It's a tale of two markets. Or so says a recent report on second-quarter transactions released late last week by Real Capital Analytics (RCA), a New York-based commercial real estate research firm. On the surface, the quarter’s numbers looked good compared to the listless 2009. Sales rose to $5 billion in the second quarter, putting the total at $9.6 billion for the first half of the year. That’s an impressive 69.6 percent jump in transactions over the first half of 2009. But dig deeper, and the numbers don’t look quite as impressive. In the first quarter, 534 properties of $5 million or greater sold. That’s only a 16.8 percent increase from a year ago.
So what’s with the jump in prices? Basically, more trophy properties are selling. “I think that points further to the weight the larger transactions in primary markets are having on the market as a whole,” says Ben Thypin, senior market analyst at RCA, noting that most of the uptick in transactions came from the Northeast and Mid-Atlantic, while the West only saw slight gains in volume and pricing. (The Midwest was, once again, quiet.)
The Big and Small Sell
If they were properly located, both garden-style apartments and high-rises saw strong pricing and demand.
RCA, in fact, says garden properties hit a turning point in the second quarter with property sales growing to $3 billion (192 properties) from $2.3 billion (144 properties) the previous year. “There were a fair amount of sub-6 percent cap rates for garden properties,” Thypin says. “The assets in quality markets are trading at low caps regardless of whether they’re garden or high-rise.”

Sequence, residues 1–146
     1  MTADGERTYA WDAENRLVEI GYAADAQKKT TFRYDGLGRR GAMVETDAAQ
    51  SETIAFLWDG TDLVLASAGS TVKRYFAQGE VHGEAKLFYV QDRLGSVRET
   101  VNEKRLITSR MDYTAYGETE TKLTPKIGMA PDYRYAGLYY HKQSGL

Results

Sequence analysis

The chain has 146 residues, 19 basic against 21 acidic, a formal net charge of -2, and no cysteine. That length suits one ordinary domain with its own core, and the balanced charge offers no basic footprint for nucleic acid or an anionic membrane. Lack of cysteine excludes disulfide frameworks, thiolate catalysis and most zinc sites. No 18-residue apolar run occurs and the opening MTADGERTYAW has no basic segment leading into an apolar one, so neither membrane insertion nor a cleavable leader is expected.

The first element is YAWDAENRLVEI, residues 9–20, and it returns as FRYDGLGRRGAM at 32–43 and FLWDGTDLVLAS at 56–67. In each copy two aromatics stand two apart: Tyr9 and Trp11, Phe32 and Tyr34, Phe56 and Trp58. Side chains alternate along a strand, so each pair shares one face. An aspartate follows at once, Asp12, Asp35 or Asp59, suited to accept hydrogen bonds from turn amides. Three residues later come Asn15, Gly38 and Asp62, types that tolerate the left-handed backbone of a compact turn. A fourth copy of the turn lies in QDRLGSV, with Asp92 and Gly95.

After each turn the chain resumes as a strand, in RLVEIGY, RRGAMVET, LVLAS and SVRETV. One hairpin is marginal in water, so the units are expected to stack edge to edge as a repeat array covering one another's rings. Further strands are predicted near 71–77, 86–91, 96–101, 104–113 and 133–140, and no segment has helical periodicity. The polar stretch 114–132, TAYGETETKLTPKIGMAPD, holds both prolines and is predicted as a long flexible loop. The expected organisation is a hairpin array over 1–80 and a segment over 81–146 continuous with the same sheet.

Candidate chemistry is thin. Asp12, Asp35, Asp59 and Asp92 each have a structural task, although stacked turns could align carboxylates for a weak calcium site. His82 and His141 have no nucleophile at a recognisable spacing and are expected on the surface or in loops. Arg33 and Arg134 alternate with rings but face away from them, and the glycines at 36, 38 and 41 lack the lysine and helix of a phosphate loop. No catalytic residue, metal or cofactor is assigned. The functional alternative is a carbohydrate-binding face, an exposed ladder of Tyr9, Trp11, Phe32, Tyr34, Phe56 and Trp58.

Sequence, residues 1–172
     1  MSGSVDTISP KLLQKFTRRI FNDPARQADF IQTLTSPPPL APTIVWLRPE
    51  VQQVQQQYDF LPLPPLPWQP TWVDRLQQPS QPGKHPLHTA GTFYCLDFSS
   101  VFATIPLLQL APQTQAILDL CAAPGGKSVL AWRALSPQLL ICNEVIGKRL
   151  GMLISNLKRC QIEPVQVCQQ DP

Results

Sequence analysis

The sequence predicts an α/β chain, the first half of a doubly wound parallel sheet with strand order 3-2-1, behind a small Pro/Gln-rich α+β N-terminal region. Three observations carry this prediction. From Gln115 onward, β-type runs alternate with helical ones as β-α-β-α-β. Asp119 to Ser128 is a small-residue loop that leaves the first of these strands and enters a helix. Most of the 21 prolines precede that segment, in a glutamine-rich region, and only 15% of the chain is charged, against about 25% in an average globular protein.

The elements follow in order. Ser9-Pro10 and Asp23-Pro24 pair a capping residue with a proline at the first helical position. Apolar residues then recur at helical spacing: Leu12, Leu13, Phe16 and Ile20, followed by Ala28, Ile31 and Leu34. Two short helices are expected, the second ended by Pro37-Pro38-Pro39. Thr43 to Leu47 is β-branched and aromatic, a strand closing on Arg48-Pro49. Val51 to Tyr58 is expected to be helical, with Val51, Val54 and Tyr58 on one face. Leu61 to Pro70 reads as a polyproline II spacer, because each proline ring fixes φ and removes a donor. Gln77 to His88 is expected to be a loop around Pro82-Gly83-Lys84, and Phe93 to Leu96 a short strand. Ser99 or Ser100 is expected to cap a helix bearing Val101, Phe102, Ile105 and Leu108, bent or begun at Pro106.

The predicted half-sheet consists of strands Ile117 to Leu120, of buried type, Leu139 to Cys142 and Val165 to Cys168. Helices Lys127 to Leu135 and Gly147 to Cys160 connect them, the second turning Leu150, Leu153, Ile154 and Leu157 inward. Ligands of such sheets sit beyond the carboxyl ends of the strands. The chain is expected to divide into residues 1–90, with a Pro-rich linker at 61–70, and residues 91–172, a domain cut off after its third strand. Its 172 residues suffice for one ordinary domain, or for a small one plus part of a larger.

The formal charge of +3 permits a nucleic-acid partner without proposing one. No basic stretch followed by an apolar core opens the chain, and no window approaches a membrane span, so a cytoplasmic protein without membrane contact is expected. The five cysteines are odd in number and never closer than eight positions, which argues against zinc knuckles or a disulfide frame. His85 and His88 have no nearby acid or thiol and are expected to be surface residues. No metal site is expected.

Overall, high-rises posted sales of $4.3 billion (198 properties) in the first half of the year, a whopping 192 percent increase over a year earlier. In the second quarter, volume fell slightly from the previous quarter to $2 billion, but the number of properties selling rose to 110 from 88. The reason for this—RCA said high-rises in the second quarter sold in markets other than high-priced Meccas such as New York and Washington, D.C.
Distress Still a Dribble
Meanwhile, distressed sales made up about 30 percent of all sales in the first half of the year, but only about half of distressed resolutions were via sales. The others were restructured or refinanced.
Thypin thinks that once the economy improves, banks and servicers will look at putting more of this distressed product on the market. “Once people see the economy is improving, lenders and servicers will put more inventory out there because they have a better chance of selling at a decent price,” he says.
And when sales activity increases, some people think financing will follow. “We’ll start to see a gradual increase in sales activity that will also promote financing activity,” says Peter Donovan, senior managing director of Los Angeles-based CB Richard Ellis’ Multi-Housing Group.